Which brings me back to the “empty calorie” canard. Calories are the basic thing we need from food, for heaven’s sake. And vitamin-dense, mineral-dense foods are no healthier once you get an optimal level. (We’re still fuzzy on what optimal levels of trace elements are.)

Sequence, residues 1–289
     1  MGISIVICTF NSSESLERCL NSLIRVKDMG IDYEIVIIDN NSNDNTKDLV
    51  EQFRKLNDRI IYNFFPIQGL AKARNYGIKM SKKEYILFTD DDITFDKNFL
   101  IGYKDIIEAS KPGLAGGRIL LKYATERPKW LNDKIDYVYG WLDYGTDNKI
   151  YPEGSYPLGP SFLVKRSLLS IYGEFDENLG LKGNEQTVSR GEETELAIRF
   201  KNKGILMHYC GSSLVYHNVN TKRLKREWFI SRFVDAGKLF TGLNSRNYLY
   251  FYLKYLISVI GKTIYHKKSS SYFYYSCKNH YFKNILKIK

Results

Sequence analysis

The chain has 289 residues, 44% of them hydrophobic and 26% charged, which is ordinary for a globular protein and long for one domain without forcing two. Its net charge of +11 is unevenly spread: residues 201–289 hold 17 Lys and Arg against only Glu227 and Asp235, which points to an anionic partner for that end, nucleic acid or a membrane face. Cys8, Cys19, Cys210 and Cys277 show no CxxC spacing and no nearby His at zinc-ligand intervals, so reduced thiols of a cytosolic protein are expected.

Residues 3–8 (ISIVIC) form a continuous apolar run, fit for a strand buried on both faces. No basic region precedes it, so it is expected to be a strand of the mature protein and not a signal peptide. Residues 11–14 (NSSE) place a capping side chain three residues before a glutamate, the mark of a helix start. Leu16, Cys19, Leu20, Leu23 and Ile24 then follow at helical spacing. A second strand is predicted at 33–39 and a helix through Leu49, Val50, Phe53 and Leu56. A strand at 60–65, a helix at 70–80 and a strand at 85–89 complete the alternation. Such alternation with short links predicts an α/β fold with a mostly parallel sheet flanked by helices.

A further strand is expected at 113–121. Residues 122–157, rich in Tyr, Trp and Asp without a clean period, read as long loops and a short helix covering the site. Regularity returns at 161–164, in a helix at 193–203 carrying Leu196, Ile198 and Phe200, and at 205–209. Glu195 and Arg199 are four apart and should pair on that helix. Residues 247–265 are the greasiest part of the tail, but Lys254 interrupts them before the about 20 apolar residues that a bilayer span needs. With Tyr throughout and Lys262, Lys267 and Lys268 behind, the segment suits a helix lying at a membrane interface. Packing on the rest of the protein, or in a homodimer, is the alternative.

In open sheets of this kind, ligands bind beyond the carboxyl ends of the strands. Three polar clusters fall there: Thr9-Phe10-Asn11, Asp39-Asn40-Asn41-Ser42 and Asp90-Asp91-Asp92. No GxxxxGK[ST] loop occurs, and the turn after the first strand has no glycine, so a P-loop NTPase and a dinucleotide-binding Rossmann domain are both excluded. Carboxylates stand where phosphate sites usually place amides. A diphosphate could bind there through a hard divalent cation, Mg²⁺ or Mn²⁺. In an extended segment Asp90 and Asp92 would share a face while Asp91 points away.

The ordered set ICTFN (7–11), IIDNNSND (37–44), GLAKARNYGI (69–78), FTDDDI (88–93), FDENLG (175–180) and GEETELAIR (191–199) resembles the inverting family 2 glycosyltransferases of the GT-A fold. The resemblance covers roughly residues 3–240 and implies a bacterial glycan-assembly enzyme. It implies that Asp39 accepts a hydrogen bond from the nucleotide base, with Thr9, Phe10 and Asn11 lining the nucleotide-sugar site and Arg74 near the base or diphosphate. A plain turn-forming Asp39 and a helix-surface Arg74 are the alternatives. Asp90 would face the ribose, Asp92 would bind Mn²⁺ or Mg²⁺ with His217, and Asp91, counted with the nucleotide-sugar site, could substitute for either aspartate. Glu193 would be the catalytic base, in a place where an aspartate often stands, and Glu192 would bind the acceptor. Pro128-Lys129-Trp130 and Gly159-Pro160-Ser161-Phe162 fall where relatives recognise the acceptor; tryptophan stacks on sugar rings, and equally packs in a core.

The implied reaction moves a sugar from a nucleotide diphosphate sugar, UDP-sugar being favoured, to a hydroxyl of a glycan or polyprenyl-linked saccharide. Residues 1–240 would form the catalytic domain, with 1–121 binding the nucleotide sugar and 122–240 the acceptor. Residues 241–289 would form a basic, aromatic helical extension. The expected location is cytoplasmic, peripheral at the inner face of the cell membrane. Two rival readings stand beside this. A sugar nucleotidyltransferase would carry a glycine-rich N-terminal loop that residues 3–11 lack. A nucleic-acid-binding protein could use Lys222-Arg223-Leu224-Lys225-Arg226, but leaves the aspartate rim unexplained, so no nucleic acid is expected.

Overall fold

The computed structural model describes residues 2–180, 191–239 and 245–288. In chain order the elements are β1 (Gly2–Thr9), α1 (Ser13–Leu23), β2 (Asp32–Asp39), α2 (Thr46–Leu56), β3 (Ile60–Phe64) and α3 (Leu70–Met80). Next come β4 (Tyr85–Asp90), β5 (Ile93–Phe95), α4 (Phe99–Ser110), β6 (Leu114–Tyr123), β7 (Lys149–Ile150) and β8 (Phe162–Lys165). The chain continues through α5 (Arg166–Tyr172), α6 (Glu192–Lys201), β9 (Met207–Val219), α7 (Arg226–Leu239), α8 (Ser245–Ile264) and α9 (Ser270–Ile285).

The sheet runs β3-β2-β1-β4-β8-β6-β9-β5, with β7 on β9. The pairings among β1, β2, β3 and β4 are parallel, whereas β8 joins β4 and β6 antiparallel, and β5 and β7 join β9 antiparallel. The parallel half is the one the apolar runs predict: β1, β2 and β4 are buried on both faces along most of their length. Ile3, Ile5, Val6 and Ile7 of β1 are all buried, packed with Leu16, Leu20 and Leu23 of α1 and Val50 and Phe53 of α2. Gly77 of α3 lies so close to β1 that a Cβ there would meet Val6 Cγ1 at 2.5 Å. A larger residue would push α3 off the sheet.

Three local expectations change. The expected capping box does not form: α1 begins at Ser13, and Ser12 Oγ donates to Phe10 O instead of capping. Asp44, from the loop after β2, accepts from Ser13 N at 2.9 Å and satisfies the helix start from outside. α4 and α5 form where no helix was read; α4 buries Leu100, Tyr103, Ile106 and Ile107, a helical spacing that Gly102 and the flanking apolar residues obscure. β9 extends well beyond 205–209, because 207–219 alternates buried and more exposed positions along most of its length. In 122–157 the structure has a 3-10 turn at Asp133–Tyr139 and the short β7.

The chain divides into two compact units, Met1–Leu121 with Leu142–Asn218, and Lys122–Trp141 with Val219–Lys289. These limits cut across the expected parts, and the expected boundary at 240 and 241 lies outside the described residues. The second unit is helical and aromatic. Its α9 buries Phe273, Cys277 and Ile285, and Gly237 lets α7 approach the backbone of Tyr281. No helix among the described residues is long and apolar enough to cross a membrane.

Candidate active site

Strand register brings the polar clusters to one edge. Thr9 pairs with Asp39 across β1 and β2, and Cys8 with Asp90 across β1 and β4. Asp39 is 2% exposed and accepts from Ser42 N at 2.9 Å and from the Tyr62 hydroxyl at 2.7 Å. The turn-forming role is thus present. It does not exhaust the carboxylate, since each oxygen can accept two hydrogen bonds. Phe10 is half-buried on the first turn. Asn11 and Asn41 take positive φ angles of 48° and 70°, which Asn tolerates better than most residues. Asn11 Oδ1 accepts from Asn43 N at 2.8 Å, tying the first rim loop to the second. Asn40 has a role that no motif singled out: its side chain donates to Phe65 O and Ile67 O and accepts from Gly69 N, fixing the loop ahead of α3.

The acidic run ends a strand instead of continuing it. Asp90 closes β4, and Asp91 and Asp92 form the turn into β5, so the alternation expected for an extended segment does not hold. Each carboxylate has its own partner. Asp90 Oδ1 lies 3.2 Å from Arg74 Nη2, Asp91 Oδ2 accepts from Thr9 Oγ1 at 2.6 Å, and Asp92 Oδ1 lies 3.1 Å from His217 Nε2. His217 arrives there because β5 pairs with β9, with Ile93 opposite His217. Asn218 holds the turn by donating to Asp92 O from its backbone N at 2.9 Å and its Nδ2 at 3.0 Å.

7. You get it! This is the first time I have ever seen this obvious and logical position on food stated publicly: “There is, in fact, no such thing as “healthy” or “unhealthy” food.” That’s it! McDonald’s isn’t bad and fast food isn’t bad it is all old wives tales. I can remember (before there was a McDonalds) when it was common thought that pizza was junkfood and caused everything from tooth decay to childhood illnesses. “Junkfood” is in the eye of the beholder. If they prefer a more traditional food then anything and everything else is “junkfood” and by extension must be bad for you. And of course the confusion is made worse because some people have allergies and reactions to certain foods thus reinforcing the “junkfood” claim.